What Does GDPR Mean for HR Departments? 5 Actions to Take
9th May 2018 | Ardi Kolah
Ensure your HR department applies the correct changes to align with new data protection rules
According to the UK Information Officer, Elizabeth Denham, the EU General Data Protection Regulation (GDPR) has created more privacy considerations for organisations and has changed the entire ethos on data protection.
Despite Brexit, the UK Government has made a commitment to implement the GDPR that came into full effect on 25 May this year. And one function that has most keenly felt this is the HR Department. GDPR now regulates the way payroll info, employee details, people’s expenditures and medical records and other sensitive details are processed.
It’s the responsibility of every employer – a ‘Data Controller’ under GDPR – to keep all this information secure and ensure that employees’ rights are respected, with the risk of enforcement action and damaging publicity for getting this stuff wrong.
Increased Rights for Employees is Now a Reality
GDPR significantly enhances the rights of every employee in three key ways:
- The employer must now provide more detailed information as to the purposes, and means, behind processing data.
- Employees have a right to access their personal data.
- Under the right to be forgotten (right of erasure) the employee will have a right to have personal data erased in certain cases (e.g. when they leave employment).
It won’t be good enough for the employer to simply say it will abide by GDPR – it will need to demonstrate compliance if required by the Supervisory Authority and verify that it has taken all the necessary technical and organisational measures. Otherwise they can expect to receive a sanction including a financial penalty.
Is There Any Wiggle Room for the Employer?
GDPR has dramatically reduced wriggle room in the aim to bring a more consistent and harmonised approach to the processing of personal data across all 28 EU Member States so that where a group of companies is established in several Member States, the rules applicable to the processing of HR-related personal data will be the same.
GDPR expressly provides a derogation for individual Member States to implement more specific rules in respect of processing HR-related personal data.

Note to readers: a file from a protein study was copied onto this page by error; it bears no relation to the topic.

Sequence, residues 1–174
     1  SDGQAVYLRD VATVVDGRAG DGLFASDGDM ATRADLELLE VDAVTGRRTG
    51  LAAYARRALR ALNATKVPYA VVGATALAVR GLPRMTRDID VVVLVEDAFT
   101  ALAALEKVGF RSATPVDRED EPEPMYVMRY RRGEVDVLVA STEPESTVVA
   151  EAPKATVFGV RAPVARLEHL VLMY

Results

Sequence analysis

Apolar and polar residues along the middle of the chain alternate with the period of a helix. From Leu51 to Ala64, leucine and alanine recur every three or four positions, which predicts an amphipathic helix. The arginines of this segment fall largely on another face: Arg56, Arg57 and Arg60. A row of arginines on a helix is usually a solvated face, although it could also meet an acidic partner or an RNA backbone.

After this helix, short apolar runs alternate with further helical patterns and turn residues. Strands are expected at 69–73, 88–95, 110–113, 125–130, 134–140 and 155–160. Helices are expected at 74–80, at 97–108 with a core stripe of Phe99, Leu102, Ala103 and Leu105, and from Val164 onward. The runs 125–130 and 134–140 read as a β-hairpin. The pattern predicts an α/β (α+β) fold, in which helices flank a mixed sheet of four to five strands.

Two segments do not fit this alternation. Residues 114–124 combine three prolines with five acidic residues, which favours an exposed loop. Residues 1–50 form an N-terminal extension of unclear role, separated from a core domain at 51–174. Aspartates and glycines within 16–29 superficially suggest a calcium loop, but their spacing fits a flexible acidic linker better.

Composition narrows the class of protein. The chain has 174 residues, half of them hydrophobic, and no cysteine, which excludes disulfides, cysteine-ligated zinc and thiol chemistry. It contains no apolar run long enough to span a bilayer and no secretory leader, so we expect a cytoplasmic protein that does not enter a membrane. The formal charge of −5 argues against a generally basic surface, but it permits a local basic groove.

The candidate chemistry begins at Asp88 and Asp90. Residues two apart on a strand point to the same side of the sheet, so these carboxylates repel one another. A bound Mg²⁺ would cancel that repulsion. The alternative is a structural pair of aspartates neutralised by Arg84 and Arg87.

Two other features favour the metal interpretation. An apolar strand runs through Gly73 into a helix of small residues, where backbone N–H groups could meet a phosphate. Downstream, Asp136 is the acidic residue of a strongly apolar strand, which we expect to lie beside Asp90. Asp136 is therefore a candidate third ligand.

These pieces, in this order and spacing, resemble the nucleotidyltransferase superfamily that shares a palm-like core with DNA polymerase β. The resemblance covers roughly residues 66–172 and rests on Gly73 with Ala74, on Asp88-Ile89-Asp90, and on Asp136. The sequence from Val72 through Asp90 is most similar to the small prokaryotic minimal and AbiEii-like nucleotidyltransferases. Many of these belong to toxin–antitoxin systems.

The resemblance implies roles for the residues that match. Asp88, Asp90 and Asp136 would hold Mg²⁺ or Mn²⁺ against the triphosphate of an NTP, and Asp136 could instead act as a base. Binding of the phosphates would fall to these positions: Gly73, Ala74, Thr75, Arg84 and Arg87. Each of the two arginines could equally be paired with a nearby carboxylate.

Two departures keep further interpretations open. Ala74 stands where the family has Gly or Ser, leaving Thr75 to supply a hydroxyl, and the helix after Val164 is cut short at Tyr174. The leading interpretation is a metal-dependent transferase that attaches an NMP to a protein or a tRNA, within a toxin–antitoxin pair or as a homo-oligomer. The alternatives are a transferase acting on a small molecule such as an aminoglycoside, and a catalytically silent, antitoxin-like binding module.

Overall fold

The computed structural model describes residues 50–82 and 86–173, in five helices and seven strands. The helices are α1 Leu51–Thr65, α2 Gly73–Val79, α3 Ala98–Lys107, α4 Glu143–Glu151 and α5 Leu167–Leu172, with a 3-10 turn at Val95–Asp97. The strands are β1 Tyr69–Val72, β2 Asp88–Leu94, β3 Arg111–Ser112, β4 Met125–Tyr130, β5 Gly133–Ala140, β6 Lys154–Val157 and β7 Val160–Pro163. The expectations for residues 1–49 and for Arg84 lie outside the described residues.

This means that specific rules regarding the processing of personal data for recruitment, performance of the employment contract, diversity, health and safety, etc. may still be adopted on a national law basis.
Art.9(2)(b) and Art.88, GDPR provide that Member States may create new laws or conclude collective agreements to ensure the protection of personal data in the context of national employment law. These must include appropriate safeguards and Member States must inform the European Commission of any laws adopted in this area.
But that doesn’t open the door for letting HR Departments carry on regardless of the new data protection rights under the GDPR. In fact, the reverse is true. Organisations will need to exercise additional caution in Member States that apply additional protections to the privacy rights of employees.
5-Step Action Plan for HR Departments to Implement for 2018 and Beyond
- Identify a senior manager within your organisation that can be trained to become the Data Protection Officer (DPO). Part of the job of this individual is to quickly build relationships with the HR department and ensure that adequate awareness and training is commenced within the organisation.
- The DPO needs to carry out a DPIA, which will help to assess the current HR-related personal data and processing activities and identify existing structural and operational risks.
- Review all HR policies, processes and procedures including the data privacy notice given to staff to ensure compliance with GDPR and national Member State laws across the EU. Ensure that all documentation provided to employees is in ordinary, intelligible language. As far as possible, seek to harmonise HR policies and procedures across the EU.
- Ensure that all employees personal data is now processed under the legal ground of legitimate interest (not consent as that is no longer legally valid under GDPR) and issues a fresh Data Privacy Notice separate from any terms and conditions.
- Ensure that the DPO maintains their level of knowledge, skills and expertise in GDPR by ensuring they have a suitable training and development budget for themselves and those that they appoint to work alongside them.